Scott Sykes | Kentuckians For The Commonwealth

Scott Sykes

Political party: 
Question 1: 
What’s your vision for Kentucky? How will the lives of Kentuckians be improved as a result of your time in office?

My primary role, representing our 31st State Senate District is to uphold the Constitution of the United States of America, The Constitution of the Commonwealth of Kentucky, and to protect and promote the public’s safety, health, and well-being. While this sounds like a simple statement, I can assure you it is not. For, woven through the fabric of these two documents is the form, function, and purpose of our government. In this time and place in our country’s history, I believe we need leadership that understands these principles.

Kentucky’s 31st State Senate District is among the poorest in the United States of America and ranks dead last in the Commonwealth in healthcare and well-being. My presence in Frankfort will bring a new perspective, and return a sense of dignity and hope. I will work to recruit new industry as we retool and rebuild our economy, fight for water security so our people don’t have to ever question the quality of water that runs from their spigot, support our public education system, protect pension plans, support and extend the Health Benefit Exchange, legalize marijuana, and support environmental protection measures that directly affect the safety of our citizens.

Question 2: 
Even after Governor Beshear's December 2019 executive order, over 170,000 Kentuckians with felonies in their past are still ineligible to vote. Do you support a constitutional amendment to automatically restore voting rights to all Kentuckians with felonies in their past once they've served their time, probation, and parole? Please explain.

I believe we must end felony disenfranchisement, ensuring that all voices are heard in our democracy. I support restoring an individual’s voting rights if they are a nonviolent first time offender and have served the entirety of their sentence. I also support policies to increase ballot access, such as automatic voter registration, and would support the days of our State Primary and the General Election being recognized as holidays.

Question 3: 

What is your view on modernizing state election laws? Specifically, do you support allowing early voting, mail-in ballots, same-day voter registration, extended hours at polling locations, offering ballots in multiple languages, and other election reforms? Do you support legislation requiring that Kentucky voters present a photo ID on election day even though many Kentuckians do not have that kind of ID? Why or why not?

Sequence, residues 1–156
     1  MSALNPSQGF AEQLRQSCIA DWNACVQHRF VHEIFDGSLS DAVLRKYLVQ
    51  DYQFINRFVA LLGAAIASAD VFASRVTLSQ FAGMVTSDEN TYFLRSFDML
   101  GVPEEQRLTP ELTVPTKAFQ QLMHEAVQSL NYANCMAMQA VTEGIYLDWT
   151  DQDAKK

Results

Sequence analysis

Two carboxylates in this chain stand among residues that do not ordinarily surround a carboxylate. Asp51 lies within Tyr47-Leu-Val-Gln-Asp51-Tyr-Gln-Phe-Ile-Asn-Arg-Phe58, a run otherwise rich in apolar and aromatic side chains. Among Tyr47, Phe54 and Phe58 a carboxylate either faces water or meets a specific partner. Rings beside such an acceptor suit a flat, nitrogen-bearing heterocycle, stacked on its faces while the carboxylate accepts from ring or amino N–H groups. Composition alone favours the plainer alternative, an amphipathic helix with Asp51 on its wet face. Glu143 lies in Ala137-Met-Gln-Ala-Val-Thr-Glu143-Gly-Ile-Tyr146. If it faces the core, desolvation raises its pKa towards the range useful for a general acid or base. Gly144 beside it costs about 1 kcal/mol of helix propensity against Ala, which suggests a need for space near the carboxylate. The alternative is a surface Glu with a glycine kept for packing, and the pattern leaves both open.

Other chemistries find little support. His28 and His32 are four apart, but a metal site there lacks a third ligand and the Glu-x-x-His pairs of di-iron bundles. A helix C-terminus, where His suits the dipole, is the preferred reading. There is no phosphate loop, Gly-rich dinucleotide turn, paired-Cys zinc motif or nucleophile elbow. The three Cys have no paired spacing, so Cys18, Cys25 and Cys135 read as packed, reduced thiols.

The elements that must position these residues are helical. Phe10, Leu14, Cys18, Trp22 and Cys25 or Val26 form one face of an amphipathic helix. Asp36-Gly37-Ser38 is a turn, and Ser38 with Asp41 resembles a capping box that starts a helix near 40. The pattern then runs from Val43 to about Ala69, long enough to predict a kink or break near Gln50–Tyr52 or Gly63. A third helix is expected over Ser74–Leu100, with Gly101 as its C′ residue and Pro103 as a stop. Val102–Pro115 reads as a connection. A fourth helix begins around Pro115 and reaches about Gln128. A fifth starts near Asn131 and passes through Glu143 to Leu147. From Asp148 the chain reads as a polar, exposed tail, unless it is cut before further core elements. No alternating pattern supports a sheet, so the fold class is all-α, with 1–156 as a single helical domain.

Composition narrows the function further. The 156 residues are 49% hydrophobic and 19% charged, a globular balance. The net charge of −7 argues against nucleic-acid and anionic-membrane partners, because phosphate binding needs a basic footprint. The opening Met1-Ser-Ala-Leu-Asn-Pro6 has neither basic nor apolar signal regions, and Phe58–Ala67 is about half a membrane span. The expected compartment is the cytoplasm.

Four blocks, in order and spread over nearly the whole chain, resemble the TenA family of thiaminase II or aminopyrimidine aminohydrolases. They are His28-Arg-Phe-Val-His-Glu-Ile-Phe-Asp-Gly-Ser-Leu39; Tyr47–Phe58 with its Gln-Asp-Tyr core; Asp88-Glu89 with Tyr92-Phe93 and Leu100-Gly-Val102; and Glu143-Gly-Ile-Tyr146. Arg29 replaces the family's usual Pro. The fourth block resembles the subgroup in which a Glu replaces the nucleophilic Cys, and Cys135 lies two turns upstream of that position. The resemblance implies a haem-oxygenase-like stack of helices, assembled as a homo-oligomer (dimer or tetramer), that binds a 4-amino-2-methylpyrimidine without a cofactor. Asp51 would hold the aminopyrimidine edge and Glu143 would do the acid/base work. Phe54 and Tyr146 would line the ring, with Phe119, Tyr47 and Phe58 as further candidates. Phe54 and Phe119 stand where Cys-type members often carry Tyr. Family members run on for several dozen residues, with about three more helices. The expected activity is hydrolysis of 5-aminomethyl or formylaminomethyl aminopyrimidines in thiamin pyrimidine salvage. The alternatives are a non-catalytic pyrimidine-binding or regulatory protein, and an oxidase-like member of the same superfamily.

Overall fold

In order to secure our democracy I believe it is essential that we take every action to increase voter participation. I believe our democracy is only as strong as the electorate and we must make ballot access a priority as we work to regain public trust in our elected officials and restore faith in the electoral process. It is essential to provide as many avenues as possible to the electorate for strong and consistent voter turnout.

Yes, I support early voting

Yes, I support mail-in ballots

Yes, I support same-day voter registration

Yes, I support extended hours at polling locations

No, I do not support offering ballots in multiple languages. As part of the naturalization process, applicants for U.S. citizenship must pass a two-part naturalization test. The first component is an English test that assesses the applicant's ability to read, write, and speak in the language.

No, I do not support legislation requiring Kentucky voters to present a photo ID on Election Day. I believe this presents an additional hurdle for low income voters and only serves to restrict ballot access.

Question 4: 

Kentucky has a tax code that does not raise enough revenue to meet the Commonwealth’s budgetary needs – a problem that was made worse by the legislature's tax shift of 2018. After years of budget cuts, the funding for pensions, public education, infrastructure, and other essential programs have reached dangerous levels of disinvestment. How would you work to create a more equitable state tax structure – where everyone pays their fair share – that raises adequate revenue, fights poverty, and invests in Kentucky’s under-resourced communities and the services we all need?

I will fight to repeal House Bill 366. I believe this regressive tax reform package gave an enormous and unfair tax break to Kentucky’s wealthiest families, shifting burden to our middle and low income households, while exacerbating existing racial and geographic inequality in our Commonwealth. We must adopt a tax code that improves, or at least does not worsen, economic and racial inequalities. The first step is focusing on taxing income, corporate profits, and inherited wealth. The distribution of these economic rewards is severely unequal in Kentucky and in some cases highly discriminatory. We must design personal income taxes that directly tie an individual’s tax rate to their personal income. To play a significant role in mitigating income inequality, we must understand there are significant differences in lower, middle, and upper-middle income families. This comes down to a person’s ability to contribute to shared priorities through taxes, and the difference in that ability among households in the top 1 to 5 percent when compared the rest of their fellow Kentuckians. We can directly address this by designing a system that increases the effective tax rate based on income and reserving the highest rates for the wealthiest households.